I’ve been wearing this charm bracelet for the last few days. I put it on only around Christmas time, because it’s so noisy and conspicuous. At Christmas time I feel like I can get away with it, because it sounds a bit like jingle bells, or maybe Jacob Marley’s ghost rattling his chain.
The charms seem to mix hedonism and religious sentiment: St. Christopher bearing the Christ Child aloft and a miniature Nativity crèche are right there with a San Francisco cable car spinning on its own turntable, a sailboat, and a tiny replica of a Monterey pine, a souvenir of a trip to Carmel. There’s a gold whistle that gives a surprisingly loud shriek, too.
I don’t know the stories behind these charms. The bracelet belonged to my aunt Janet, my mother’s older sister. Their relationship was that mix of affection and irritation that sisters often have. Sometimes they’d really mix it up like teenagers, even when they were both in their 80s. These occasional bouts usually involved politics—the Democrat sister sparring with the Republican. “I’m never talking to her again,” my mother would declare, and I’d laugh, knowing this would last only a few days.
When my mother became too ill to live on her own anymore and finally conceded that she needed to move to California, Janet was supposed to come and say goodbye. She hadn’t visited my mother at all in the year-and-a-half that she had been ill, although they lived only 45 minutes apart in New Jersey and used to see each other frequently. I suspect this was some unspoken agreement between them—one sister not wanting to be seen looking ill and the other not quite able to face the reality, either.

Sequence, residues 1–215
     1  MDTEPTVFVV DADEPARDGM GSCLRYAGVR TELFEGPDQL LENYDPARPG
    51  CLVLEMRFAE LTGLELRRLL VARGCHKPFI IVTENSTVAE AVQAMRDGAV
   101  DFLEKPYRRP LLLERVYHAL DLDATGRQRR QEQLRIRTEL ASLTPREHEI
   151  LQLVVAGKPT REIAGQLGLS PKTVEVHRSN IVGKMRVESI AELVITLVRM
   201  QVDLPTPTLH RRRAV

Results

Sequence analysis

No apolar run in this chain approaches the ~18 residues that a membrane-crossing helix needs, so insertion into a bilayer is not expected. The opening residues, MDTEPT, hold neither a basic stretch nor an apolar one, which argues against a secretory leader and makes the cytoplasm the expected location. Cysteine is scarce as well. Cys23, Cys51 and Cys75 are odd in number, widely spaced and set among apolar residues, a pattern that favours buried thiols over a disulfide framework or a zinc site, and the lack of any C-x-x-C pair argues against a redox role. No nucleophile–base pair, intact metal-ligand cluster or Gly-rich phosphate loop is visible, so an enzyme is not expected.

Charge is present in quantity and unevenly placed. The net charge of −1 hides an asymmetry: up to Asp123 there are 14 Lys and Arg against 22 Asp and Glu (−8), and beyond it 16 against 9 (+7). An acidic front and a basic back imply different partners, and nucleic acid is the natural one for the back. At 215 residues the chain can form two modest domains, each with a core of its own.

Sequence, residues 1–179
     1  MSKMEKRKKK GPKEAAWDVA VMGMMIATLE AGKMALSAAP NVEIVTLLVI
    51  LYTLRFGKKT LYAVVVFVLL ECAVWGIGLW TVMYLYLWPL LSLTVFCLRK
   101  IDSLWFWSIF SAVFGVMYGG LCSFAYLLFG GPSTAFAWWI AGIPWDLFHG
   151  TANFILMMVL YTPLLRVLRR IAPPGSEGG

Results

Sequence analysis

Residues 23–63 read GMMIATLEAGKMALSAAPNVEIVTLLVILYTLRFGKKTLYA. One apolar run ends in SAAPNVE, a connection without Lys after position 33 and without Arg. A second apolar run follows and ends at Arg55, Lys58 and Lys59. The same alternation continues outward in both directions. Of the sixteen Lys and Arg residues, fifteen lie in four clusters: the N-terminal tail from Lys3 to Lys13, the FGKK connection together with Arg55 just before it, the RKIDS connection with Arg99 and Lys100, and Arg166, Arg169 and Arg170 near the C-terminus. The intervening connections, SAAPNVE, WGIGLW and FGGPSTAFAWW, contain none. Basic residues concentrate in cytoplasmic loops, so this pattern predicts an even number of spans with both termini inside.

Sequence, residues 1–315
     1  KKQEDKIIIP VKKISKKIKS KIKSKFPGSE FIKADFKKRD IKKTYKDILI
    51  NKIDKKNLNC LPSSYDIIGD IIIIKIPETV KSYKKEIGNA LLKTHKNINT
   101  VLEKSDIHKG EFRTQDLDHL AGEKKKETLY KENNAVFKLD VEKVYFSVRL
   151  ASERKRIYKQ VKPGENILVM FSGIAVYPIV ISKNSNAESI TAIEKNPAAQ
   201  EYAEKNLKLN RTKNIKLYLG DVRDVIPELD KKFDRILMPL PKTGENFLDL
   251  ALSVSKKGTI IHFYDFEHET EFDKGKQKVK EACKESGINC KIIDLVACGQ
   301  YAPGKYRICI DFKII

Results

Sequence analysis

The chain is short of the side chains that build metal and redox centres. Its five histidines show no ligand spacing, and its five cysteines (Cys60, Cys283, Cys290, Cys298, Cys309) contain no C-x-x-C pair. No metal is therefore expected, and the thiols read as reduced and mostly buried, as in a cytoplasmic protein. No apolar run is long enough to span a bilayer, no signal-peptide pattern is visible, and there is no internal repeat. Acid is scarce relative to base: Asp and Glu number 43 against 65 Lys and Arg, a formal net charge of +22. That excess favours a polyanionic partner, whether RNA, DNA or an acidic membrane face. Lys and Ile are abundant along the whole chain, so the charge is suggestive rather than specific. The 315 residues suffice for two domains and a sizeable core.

But Janet called to say that she couldn’t come on that last day after all, claiming she had a bad cold. The feigned illness avoided acknowledging that if she and my mother were to see each other that day, it would be the last time. “I won’t say goodbye,” I heard my mother saying bravely on the phone. “I’ll just say, ‘See you next time.’”
Janet’s charm bracelet came in the mail that day instead. She’d told my mother that she wanted her to have it. Heavy and pure gold, with charms added for birthdays and anniversaries for nearly 60 years, it was probably the most precious thing she owned. My mother never had an occasion to wear it, but I think she understood all that was left unsaid with this gift.
As I jingle around noisily with it for a few days every year, feeling its heft, I think about sisterly fondness, sisterly spats, and inarticulate kinds of love.